Description: Part of a collection comprised of religious and linguistic materials in various Native American languages. Many were written by Jesuit missionaries of New France. These particular items include an unattributed 1847 letter, in French, on the etymology of some Personal names; a word list obtained at Sault St. Louis, with a note on provenance, attributed to de Lorimier, possibly the French-Haudenosaunee interpreter and agent Jean-Baptiste de Lorimier or one of his relations; and the 1755 "Livre des prieres, cantiques, et himnes en langue hyroquois telles qu'on se sont maintenant a la Mission du Lac des Deux Montagnes," containing various notes added to an original manuscript on plain chant, carols, articles preliminary to the peace of Versailles in 1783, description of a serpent killed at Chateau Ste. Anne, recipes, remedies, etc. Originals in Laval University, Seminaire de Quebec.
Collection: Selected materials, 1676-1930, on Indian linguistics (Mss.Film.453)

Cayuga | Cherokee | Haudenosaunee | Mohawk | Nanticoke | Oneida | Onondaga | Seneca | Tuscarora | Wyandot
Alternate forms: Iroquois, Wendat, Huron
Language(s): English | Mohawk
Date: 1900-1951
Type:Text
Extent: 1380 pages
Description: This manuscript is an alphabetical list of about 6200 Iroquoian names, collected over 5 decades by Charles Cooke (Thawennensere), a Mohawk scholar from Wahta. Each entry includes the name in its Mohawk rendering, with phonetic spelling, gender, tribe, location, date, and clan. The name is then analyzed by radicals, with historical information about its bearer (where relevant). Cross reference to variants and from English names of Indians. Preface by Cooke, edited by C. Marius Barbeau, classifies names and gives numbers and sex. This item has been fully digitized and can be viewed online. See also an accompanying audio collection (Mss.Rec.10), listed separately in this guide, in which Cooke reads the majority of the names.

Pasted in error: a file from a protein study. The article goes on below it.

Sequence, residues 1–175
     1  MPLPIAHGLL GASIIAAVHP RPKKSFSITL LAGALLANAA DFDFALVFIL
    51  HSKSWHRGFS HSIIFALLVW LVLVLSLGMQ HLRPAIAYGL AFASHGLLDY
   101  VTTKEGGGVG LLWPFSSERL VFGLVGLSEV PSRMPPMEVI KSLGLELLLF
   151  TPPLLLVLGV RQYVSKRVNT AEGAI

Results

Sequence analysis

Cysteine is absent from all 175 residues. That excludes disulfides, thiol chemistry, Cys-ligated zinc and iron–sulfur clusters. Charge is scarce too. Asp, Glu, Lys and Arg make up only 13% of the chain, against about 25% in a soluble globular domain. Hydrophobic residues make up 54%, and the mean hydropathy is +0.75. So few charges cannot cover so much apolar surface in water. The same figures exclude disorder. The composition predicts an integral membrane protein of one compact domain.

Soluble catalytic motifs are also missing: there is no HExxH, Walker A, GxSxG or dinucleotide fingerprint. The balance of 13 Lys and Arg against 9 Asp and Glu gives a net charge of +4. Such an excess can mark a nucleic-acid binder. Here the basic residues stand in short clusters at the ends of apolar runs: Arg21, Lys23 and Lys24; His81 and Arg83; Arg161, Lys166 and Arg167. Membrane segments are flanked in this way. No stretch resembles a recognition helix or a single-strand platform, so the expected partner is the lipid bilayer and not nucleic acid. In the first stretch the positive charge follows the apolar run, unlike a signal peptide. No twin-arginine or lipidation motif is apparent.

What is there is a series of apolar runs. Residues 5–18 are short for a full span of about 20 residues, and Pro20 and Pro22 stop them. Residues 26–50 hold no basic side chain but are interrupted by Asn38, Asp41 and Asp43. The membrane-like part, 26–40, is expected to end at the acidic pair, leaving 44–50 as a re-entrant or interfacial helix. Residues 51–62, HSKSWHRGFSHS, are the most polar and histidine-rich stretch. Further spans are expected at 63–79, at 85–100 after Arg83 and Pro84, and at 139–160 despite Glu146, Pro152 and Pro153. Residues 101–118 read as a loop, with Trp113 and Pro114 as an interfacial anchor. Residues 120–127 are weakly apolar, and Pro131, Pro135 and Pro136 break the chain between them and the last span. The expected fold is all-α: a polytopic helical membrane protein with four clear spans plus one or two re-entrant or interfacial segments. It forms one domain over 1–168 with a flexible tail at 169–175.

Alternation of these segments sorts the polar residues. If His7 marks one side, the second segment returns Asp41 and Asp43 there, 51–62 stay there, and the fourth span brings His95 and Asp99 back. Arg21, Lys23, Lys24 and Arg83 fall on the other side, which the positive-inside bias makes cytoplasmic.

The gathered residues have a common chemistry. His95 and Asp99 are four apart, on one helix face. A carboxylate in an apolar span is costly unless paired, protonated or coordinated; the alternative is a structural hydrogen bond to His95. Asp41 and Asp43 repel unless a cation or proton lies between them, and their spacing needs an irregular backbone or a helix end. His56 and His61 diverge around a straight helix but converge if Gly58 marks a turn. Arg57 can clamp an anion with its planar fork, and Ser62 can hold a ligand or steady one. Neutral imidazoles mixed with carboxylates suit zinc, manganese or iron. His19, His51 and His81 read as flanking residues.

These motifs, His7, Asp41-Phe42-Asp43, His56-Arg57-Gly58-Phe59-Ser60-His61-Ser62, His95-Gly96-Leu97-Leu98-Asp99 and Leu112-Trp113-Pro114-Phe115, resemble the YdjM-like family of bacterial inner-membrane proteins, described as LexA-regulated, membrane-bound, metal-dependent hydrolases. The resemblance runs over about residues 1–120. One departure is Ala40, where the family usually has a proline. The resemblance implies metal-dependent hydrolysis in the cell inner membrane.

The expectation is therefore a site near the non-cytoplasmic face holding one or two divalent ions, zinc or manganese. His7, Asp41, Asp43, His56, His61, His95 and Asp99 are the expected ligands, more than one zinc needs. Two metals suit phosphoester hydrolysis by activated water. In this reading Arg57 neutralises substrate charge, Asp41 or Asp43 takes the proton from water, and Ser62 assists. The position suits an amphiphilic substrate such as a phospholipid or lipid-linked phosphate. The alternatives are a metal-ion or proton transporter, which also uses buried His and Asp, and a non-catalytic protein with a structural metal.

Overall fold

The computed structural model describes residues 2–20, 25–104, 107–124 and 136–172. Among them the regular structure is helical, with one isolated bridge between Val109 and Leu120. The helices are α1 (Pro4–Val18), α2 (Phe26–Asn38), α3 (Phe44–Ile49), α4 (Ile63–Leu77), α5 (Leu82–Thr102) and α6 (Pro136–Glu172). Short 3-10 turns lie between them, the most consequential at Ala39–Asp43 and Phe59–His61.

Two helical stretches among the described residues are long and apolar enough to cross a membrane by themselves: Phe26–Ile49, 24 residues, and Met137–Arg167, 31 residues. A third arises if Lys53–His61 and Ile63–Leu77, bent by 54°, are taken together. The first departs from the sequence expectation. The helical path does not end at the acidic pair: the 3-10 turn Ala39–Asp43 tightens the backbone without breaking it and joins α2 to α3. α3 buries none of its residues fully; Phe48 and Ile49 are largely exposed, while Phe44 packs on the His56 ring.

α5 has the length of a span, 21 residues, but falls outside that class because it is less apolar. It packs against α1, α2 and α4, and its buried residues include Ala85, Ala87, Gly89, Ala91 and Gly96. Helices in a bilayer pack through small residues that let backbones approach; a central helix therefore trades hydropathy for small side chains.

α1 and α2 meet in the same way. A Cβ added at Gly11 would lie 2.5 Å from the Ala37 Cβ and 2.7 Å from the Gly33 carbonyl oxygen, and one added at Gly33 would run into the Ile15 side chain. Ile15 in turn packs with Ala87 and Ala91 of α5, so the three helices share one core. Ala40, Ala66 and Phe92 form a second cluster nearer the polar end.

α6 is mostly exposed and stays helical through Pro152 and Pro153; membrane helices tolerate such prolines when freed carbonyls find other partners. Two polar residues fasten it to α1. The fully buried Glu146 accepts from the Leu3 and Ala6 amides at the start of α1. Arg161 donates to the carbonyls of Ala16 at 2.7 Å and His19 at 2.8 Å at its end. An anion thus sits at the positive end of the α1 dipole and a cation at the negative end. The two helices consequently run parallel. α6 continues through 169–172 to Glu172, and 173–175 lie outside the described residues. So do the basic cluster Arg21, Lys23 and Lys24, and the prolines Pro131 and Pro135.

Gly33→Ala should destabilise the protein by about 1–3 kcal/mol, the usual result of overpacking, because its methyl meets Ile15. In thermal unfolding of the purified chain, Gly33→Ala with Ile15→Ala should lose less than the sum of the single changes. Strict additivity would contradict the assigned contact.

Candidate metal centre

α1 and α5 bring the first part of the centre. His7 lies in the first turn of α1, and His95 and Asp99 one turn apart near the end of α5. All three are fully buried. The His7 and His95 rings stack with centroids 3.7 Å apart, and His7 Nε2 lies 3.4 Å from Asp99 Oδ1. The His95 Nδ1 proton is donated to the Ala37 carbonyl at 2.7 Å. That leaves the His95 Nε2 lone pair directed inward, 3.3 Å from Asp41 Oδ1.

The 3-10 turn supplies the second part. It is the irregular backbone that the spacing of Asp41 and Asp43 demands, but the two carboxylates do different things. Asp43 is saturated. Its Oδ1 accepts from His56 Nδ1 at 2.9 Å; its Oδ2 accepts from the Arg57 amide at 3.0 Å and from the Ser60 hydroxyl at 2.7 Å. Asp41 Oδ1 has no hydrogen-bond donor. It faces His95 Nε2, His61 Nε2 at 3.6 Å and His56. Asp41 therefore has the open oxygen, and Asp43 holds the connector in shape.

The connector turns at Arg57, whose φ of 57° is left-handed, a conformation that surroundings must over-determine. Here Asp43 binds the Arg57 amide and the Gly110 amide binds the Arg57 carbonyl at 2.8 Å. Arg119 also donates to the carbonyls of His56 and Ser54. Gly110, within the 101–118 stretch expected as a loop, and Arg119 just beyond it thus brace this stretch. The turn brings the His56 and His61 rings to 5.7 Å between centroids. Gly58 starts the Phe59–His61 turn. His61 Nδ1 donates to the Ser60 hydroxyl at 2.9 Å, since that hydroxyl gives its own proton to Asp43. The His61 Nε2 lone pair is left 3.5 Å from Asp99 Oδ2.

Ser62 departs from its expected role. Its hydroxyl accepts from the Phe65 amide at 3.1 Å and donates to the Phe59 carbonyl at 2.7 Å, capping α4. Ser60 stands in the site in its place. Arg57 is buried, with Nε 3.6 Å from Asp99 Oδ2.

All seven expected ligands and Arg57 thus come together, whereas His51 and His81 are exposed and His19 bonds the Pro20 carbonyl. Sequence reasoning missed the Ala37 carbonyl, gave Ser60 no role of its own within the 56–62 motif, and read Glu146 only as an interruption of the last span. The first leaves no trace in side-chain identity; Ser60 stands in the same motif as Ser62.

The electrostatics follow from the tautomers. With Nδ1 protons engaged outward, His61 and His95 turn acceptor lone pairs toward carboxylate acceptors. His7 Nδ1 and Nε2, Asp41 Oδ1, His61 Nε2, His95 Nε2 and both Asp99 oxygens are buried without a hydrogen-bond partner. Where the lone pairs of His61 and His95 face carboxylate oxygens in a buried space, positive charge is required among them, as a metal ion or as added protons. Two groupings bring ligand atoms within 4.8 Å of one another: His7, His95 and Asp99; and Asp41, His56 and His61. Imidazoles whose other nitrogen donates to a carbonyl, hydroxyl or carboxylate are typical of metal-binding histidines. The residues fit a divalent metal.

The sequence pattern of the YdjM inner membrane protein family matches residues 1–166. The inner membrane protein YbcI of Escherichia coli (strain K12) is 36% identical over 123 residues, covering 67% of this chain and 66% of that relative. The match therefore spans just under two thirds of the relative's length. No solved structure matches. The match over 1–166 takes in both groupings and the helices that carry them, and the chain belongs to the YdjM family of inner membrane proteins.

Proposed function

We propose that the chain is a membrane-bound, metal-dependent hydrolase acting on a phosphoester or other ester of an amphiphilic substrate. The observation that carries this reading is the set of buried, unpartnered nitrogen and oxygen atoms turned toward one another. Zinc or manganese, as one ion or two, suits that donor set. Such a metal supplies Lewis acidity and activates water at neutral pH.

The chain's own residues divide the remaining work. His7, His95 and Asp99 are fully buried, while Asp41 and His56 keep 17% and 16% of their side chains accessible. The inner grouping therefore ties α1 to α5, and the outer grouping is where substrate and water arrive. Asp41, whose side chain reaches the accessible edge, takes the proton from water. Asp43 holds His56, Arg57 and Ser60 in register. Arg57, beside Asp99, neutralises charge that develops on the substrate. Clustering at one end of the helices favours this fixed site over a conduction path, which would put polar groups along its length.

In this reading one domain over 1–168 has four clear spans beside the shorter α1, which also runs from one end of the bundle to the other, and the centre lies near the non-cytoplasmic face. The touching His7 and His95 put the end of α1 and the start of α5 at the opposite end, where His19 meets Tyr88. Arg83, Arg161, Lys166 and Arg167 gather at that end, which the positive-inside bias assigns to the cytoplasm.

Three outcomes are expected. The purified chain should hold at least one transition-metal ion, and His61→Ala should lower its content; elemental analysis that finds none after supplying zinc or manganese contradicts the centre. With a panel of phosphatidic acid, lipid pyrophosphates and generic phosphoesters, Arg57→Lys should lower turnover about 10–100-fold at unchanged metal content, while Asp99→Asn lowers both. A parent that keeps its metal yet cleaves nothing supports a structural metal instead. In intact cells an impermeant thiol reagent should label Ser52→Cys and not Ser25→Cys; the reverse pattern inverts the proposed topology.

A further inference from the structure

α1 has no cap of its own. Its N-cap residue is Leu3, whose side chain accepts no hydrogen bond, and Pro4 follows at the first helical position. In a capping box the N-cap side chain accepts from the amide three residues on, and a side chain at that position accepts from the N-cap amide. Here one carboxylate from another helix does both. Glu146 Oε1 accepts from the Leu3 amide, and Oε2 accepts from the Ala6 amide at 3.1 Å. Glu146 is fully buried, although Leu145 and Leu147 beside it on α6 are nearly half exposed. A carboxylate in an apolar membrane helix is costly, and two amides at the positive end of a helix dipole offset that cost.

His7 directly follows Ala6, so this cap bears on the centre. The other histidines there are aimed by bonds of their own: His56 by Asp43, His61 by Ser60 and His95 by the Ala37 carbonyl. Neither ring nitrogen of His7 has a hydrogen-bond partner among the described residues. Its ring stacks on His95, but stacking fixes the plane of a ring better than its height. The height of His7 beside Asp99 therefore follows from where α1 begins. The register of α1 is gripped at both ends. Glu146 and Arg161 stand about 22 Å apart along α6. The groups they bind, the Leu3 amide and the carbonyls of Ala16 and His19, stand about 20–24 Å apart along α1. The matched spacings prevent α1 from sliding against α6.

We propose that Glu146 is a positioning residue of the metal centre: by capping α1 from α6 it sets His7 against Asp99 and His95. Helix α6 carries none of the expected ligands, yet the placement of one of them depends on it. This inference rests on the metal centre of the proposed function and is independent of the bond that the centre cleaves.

Collection: Iroquois personal names (Mss.497.3.C772)

Lenape | Nanticoke | Pawnee | Shawnee | Cayuga | Mohawk | Haudenosaunee | Abenaki | Munsee | Tutelo
Alternate forms: Delaware, Iroquois
Language(s): English | Delaware
Date: 1895-1948
Extent: 57 folders
Description: Materials relating to Speck's study of Delaware history, language, and culture. Speck's correspondence with Delaware collaborators in Oklahoma relating to Delaware history, ethnographic data, linguistics, museum specimens, and reservation affairs, etc., might be of particular interest; there are also several tales related by Witapanóxwe, or War Eagle, other tales and texts (some with interlineal translation) from Josiah Montour and other unknown contributors, and 11 sketches of Delaware art designs. Other correspondence touches on Speck's efforts to collect specimens (and individuals and institutions interested in acquiring them), his efforts to collect paintings and sketches of ceremonies and designs, his fieldwork and expenses, financial support from the University of Pennsylvania and Indiana Historical Society, Shawnee data on Oklahoma Delawares, the Big House Ceremony, efforts to acquire a Delaware Big House to erect in Harrisburg, Delawares-as-women, etc. There are also at least 82 pages (in three folders) of Speck's field notes of ethnographic and linguistic data, and over 50 pages (in two folders) of Speck's miscellaneous notes (including some correspondence) on topics such as Gladys Tantaquidgeon and Delaware designs, botanical specimens, linguistic materials, museum specimens, the Walam Olum, the Six Nation Delaware reservation, the celestial bear theme, native religion, reviews of Speck's publications, etc. Other notes cover Delaware grammar and vocabulary, Delaware clans and social organization, dualism in Delaware religion, the influence of Christianity on Delaware religion, the provenance of Delaware museum specimens obtained from Delawares in Oklahoma and Canada, biographical information on Joseph Montur and Nicodemus Peters, etc. There are also various drafts, essays, lectures and other writings by Speck on topics such as Delaware religion, ceremonies, peyote rites, designs, population, remnant populations in the east, history, place names, a Delaware bibliography and a notebook of reports to the University of Pennsylvania Research Committee on fieldwork among Oklahoma Delaware, St. Francis Abenaki, Munsee and Six Nations Delaware, Tutelo, Cayuga, 1931-1936.
Collection: Frank G. Speck Papers (Mss.Ms.Coll.126)